A newly discovered shrine in the eastern desert of Jordan was built in the Stone Age. Many artifacts and fossils were found in it.

Archaeologists have discovered a 9,000-year-old shrine in Jordan’s eastern desert, the Associated Press reports. It was probably used for religious hunting rituals.

In 2021, a team of Jordanian and French archaeologists excavated a site in the Khashabia Mountains, located in the eastern part of the Al Jafr Basin, Jordan. Scientists have found many artefacts there, including animal figurines, elaborate flint tools, an altar and hearth, and two large stones carved with human faces.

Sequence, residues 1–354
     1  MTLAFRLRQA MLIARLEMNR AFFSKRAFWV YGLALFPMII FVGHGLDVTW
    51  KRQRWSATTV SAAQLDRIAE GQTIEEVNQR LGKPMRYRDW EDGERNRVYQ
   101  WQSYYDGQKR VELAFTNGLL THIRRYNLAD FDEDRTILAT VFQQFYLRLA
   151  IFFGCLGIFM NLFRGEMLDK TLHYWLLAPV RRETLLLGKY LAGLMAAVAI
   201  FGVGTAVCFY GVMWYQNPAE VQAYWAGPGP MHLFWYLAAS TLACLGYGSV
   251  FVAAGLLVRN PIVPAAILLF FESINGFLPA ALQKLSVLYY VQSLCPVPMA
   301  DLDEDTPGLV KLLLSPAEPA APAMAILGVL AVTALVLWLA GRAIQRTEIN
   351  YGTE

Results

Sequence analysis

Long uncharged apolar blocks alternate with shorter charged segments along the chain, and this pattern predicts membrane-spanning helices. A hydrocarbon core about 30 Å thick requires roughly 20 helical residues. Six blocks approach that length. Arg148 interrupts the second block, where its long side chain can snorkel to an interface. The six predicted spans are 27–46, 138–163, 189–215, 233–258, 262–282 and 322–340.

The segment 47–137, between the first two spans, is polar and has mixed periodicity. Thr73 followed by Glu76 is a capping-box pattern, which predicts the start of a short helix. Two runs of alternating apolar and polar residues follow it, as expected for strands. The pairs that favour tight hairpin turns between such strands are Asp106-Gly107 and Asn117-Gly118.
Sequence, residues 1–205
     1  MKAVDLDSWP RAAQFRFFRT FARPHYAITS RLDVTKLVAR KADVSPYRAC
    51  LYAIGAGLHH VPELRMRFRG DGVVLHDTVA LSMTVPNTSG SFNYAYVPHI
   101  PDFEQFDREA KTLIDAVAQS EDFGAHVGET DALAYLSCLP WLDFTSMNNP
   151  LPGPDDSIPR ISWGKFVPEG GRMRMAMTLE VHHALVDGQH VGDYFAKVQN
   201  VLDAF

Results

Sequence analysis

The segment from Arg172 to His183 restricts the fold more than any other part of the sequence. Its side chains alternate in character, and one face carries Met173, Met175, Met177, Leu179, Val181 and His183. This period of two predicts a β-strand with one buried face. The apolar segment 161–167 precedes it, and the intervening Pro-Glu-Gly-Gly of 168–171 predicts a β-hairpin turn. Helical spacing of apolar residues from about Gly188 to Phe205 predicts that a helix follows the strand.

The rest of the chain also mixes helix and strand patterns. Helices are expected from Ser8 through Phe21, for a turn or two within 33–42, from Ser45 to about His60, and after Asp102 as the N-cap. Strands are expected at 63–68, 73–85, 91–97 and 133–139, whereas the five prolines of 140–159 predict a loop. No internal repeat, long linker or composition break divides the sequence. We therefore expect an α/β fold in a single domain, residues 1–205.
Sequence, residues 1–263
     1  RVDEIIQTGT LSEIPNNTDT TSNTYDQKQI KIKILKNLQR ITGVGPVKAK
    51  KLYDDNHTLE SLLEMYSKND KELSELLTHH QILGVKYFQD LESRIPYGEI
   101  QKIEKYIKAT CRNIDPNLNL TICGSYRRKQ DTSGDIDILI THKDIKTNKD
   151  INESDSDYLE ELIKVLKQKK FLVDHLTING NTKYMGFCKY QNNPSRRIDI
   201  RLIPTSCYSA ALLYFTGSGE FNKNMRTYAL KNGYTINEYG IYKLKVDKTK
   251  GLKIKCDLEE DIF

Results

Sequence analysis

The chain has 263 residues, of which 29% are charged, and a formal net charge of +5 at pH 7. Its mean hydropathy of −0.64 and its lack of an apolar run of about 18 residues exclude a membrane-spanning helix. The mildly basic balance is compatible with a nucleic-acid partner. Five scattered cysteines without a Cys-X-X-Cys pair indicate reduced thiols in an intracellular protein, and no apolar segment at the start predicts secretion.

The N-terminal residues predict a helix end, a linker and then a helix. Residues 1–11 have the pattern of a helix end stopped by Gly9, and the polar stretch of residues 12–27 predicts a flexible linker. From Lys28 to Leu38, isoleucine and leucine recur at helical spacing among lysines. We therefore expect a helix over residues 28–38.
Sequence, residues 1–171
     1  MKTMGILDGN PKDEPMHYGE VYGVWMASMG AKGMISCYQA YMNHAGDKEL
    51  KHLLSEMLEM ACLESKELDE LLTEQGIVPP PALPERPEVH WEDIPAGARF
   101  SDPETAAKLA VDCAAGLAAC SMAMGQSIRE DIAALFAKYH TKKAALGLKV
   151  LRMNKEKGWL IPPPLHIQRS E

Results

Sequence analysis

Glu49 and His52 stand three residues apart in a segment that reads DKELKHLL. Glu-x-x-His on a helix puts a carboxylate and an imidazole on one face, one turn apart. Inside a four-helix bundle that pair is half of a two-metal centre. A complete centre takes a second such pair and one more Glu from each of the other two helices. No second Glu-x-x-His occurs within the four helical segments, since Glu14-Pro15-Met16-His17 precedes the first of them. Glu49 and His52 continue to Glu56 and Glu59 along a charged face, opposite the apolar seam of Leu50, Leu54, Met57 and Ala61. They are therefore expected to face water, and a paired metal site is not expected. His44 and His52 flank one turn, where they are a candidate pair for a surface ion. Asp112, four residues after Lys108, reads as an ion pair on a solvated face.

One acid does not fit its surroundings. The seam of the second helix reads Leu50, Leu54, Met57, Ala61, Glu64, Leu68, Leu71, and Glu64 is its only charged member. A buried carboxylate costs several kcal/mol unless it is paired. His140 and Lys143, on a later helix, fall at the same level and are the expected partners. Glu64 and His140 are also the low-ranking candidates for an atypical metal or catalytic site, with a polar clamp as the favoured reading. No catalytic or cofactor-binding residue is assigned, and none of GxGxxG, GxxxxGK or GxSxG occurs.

The team also discovered a trap used by ancient people to capture wild gazelles and deer. The hunters drove the animals there and then slaughtered them. The traps date back to 7000 BC, as does the location of the special ritual. According to scientists, they occupied an important place in the cultural, economic and symbolic life of the society of hunter-gatherers of the new Stone Age or Neolithic.

“This is a unique site, primarily because of its preservation,” said Wael Abu-Azzizah, project co-lead and archaeologist at the French Institute of the Near East, in an interview with the Associated Press. “It is 9,000 years old and almost everything is intact.”